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Baruch Performing Arts Center presents the World Premiere of Refuge with Post-Performance Discussions and MOTH-Style Story Slam
April 25 @ 7:30 pm - May 11 @ 9:00 pm
Baruch Performing Arts Center
Blessed Unrest and Teatri ODA of Kosovo
Present the World Premiere of
April 25 – May 11, 2019
with Post-Performance Discussions and MOTH-Style Story Slam
Baruch Performing Arts Center, along with New York-based theater company Blessed Unrest and Teatri ODA of Kosovo, will co-present the World Premiere of Refuge from April 25 – May 11 @ 7:30, with a variable weekly schedule and a 5pm performance Sun May 5 (Opening Night April 27) at Baruch Performing Arts Center, 55 Lexington Avenue (25 Street between Third and Lexington Avenues), NYC. Tickets are $16-36 and may be purchased at www.baruch.cuny.edu/bpac.
The Refuge creative team and performers will host a series of events to accompany the performances. Post-performance programs can deepen the experience of the many current topics touched upon by this play. The programs will explore topics such as the journeys of refugees historically and in the current currently climate, as well as diving into the personal as well as the global Jewish experience. Along with the creative team, the programs will include diverse guest speakers who add additional richness and perspective to the discussions. With a ticket to any performance of Refuge, admission to the programs is free. One ticket to Refuge grants admission to any and all of the programs.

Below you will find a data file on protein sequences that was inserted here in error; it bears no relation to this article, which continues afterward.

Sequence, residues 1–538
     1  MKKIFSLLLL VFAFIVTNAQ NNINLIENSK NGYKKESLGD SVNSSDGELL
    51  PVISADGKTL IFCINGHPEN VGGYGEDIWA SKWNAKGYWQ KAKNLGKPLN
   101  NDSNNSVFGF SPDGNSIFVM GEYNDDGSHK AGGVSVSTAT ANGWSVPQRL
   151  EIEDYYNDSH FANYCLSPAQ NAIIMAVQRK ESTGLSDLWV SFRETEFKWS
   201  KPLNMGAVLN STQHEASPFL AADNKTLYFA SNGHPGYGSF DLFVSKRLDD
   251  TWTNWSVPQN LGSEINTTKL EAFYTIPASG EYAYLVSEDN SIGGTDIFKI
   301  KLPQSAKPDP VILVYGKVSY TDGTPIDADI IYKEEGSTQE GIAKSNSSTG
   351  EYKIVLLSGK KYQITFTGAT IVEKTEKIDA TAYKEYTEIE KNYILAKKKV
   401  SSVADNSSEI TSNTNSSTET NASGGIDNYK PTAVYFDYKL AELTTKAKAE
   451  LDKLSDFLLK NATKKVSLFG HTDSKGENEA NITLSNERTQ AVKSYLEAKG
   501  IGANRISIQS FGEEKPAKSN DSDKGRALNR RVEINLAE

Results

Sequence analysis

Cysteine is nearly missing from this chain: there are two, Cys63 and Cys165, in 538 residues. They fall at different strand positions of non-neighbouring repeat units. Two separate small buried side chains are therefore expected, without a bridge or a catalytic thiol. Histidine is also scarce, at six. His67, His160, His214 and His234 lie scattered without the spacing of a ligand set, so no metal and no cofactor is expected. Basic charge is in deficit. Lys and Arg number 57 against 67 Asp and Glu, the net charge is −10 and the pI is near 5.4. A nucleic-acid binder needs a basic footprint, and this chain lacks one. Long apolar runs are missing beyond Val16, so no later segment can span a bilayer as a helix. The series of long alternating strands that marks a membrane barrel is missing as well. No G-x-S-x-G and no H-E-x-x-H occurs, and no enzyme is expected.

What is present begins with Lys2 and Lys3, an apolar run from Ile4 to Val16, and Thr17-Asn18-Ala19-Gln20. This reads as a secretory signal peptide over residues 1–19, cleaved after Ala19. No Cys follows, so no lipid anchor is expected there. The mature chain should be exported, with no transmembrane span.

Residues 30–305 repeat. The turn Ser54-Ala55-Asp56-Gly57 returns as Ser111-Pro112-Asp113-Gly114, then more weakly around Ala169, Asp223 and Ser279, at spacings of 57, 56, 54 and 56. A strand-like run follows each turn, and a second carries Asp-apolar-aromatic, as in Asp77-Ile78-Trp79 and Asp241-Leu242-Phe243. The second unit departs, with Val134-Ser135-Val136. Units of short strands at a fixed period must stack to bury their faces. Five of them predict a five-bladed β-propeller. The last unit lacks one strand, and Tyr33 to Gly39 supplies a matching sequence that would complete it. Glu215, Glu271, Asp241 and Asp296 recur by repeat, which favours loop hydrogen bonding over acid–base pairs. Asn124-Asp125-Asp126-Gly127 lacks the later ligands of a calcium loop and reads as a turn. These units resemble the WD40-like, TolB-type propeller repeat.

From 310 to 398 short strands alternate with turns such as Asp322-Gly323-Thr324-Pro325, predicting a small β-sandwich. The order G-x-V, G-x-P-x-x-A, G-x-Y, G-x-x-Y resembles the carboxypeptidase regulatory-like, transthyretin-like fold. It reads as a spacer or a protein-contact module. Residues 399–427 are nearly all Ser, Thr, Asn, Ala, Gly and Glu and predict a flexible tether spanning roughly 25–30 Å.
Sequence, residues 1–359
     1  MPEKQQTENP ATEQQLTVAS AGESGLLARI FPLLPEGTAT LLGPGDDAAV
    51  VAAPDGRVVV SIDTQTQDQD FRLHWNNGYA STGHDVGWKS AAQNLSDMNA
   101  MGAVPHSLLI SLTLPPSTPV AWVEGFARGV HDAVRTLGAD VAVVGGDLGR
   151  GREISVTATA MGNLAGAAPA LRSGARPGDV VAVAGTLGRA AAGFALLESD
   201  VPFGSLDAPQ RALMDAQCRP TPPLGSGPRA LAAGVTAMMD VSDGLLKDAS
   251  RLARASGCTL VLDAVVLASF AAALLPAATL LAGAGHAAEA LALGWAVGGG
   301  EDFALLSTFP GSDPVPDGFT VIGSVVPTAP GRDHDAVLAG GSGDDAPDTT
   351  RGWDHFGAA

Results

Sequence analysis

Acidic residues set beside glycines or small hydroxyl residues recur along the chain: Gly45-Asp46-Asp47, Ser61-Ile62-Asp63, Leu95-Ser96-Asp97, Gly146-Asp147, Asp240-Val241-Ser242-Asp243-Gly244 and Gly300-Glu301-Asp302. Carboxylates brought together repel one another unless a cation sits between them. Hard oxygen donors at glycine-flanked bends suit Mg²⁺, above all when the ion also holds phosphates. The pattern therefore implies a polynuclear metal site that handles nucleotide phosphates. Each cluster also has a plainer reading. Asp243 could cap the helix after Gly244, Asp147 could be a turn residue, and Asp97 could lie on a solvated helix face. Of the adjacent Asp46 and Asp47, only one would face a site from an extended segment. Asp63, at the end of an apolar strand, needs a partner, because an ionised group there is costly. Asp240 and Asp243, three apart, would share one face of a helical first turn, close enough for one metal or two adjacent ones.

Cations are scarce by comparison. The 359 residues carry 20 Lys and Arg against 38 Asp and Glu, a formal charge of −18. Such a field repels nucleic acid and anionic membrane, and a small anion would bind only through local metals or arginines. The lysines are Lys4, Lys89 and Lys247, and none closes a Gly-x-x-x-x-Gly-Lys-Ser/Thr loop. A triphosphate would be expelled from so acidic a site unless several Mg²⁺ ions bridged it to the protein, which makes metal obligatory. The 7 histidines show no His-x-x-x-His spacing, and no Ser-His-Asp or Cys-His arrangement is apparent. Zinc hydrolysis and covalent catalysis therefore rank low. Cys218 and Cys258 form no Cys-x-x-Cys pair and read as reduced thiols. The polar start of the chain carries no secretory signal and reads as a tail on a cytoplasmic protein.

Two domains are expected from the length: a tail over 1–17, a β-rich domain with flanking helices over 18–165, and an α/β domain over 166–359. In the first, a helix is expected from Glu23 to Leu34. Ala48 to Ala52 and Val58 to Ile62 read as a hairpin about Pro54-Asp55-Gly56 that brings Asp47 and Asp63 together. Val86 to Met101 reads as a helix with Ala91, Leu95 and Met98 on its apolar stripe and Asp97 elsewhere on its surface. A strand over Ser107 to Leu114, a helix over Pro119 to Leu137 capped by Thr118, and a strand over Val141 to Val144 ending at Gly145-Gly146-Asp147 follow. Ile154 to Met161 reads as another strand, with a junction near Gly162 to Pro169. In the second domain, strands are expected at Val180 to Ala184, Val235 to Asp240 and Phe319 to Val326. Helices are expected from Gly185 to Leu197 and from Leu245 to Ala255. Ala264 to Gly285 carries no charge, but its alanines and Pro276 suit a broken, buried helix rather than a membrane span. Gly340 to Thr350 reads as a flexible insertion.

Wednesday, May 1: Post-Performance Discussion
Refuge in Context: Activism, Education, and #Resistance
A post-performance program on combating hate in the modern day, with a focus on refugee protection and advocacy. Featuring Anne Frank Center Education Director Katherine Meade, Jews for Racial and Economic Justice (JFREJ) Executive Board Member and activist Rafael Shimunov, and a representative from the Hebrew Immigrant Aid Society (HIAS).
Sunday, May 5 at 6:30pm: MOTH-style Story Slam
Prepare a 5-minute story about those who have helped your family survive persecution or threat to life, or how you were taken in during some time of crisis. Have you welcomed a refugee from another country, simply hosted a neighbor who lost their keys, or have you found cover under a
stranger’s umbrella in a downpour? Share your story of a lifesaving or simple moment of refuge that was life-altering. (Time limit: 5 minutes).
Monday, May 6: Post-Performance Discussion
Refuge in Context: Displacement and Narrative During the Holocaust
A post-performance program on the refugee crisis in Europe during World War II exploring the relevance of Jewish and Muslim stories today. Featuring Jessica Lang, Professor of English and Director of Jewish Studies at Baruch; Debra Caplan, Assistant Professor of Theatre at Baruch and author of Yiddish Empire: Jews, Theater, and the Aesthetics of Itinerancy; and Elidor
Melhili, Assistant Professor of History at Hunter, and author of From Stalin to Mao: Albania and the Socialist World. Moderated by Jessica Burr, co-director of Refuge.
In Refuge, a deathbed confession launches a young Jewish woman on a journey of discovery to a remote Albanian village. What she finds reveals both the truth of her family’s escape, and those who risked everything to provide them with refuge.